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Paper Plus rebrands and redirects

Paper Plus has just cause for celebration – the wholly New Zealand-owned and operated group has gone from strength to strength over the last few years in a pretty tough market.

Paper Plus has just cause for celebration – the wholly New Zealand-owned and operated group has gone from strength to strength over the last few years in a pretty tough market. How did it beat the odds?

It's thanks to a number of things, but refocussing the Paper Plus brand with a greater emphasis on books and the launch of a concept store in Sylvia Park are the major reasons. Since then it has refined its direction and hunkered down with a more than $22 million refurbishment and brand redirection plan for all its stores – just two years after an overhaul in October 2009 of the same cost. The refurbishment plans require buy-in from all franchisees, but stores that have converted are already reporting a significant uptake in sales.

Paper Plus has a new lease of life as a new ‘green brand’ and with the new look comes a shift to a greater focus on book selling as well as a streamlined and consistent store layout, new marketing campaign, advertising creative and point of sale.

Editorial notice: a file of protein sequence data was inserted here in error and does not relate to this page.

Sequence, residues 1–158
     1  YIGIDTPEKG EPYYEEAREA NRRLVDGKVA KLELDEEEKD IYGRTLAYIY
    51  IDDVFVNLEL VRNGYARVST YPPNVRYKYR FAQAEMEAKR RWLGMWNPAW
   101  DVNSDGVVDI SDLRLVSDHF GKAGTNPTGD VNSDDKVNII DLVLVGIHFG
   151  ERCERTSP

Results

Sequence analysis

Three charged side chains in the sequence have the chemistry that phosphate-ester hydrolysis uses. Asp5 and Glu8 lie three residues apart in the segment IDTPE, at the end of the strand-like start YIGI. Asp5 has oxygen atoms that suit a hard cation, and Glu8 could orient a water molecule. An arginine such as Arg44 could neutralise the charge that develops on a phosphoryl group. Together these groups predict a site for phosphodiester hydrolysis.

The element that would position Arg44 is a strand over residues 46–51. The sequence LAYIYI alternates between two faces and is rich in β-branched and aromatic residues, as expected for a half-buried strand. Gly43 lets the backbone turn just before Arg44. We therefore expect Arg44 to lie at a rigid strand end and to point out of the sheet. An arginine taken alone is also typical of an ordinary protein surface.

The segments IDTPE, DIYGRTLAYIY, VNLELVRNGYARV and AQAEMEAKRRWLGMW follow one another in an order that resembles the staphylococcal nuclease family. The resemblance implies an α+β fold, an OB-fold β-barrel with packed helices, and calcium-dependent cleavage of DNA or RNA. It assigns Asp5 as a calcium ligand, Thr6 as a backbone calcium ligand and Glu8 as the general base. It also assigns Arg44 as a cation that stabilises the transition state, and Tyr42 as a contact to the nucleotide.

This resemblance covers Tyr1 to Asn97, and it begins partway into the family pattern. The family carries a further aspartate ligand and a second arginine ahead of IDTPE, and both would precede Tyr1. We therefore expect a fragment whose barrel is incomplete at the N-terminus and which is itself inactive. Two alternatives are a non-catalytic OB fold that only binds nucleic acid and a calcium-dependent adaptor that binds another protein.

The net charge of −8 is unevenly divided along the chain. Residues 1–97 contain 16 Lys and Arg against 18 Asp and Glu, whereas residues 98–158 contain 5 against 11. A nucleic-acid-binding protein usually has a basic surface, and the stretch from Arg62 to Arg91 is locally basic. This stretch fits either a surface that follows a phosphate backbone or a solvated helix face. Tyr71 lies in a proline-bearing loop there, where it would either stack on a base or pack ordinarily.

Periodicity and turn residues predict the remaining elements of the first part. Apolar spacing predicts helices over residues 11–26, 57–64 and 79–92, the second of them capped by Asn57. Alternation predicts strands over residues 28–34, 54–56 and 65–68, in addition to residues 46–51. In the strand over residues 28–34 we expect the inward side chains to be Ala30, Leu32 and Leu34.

Hyde has created the new look and creative and will soon launch its Christmas campaign – Paper Plus is forecasting growth of 14 percent in books this Christmas. The local book market is currently at $250 million while the stationery market sits at $1.23 billion.

November saw 34 stores upgraded and all 106 Paper Plus stores will be converted by the end of March next year, with 10 new stores in the pipeline.

There is also a new Paper Plus website and online store, new customer loyalty programme (over and above the existing Fly Buys) which has a database of around 160,000, and more book focussed events for customers coming up in conjunction with book ambassador Kerre Woodham.

Paper Plus recently won the Westpac Franchise System of the Year award, also taking out Best Retail Franchise System, Best Retail Franchisee and Media campaign of the year.  And Nielsen data shows it is achieving significant growth in the book category. In a temperamental market where volume grew 1.4 percent but value declined 4.5 percent, Paper Plus has grown volume by 9.1 percent and value by 15.1 percent (YTD).

This story originally appeared on StopPress.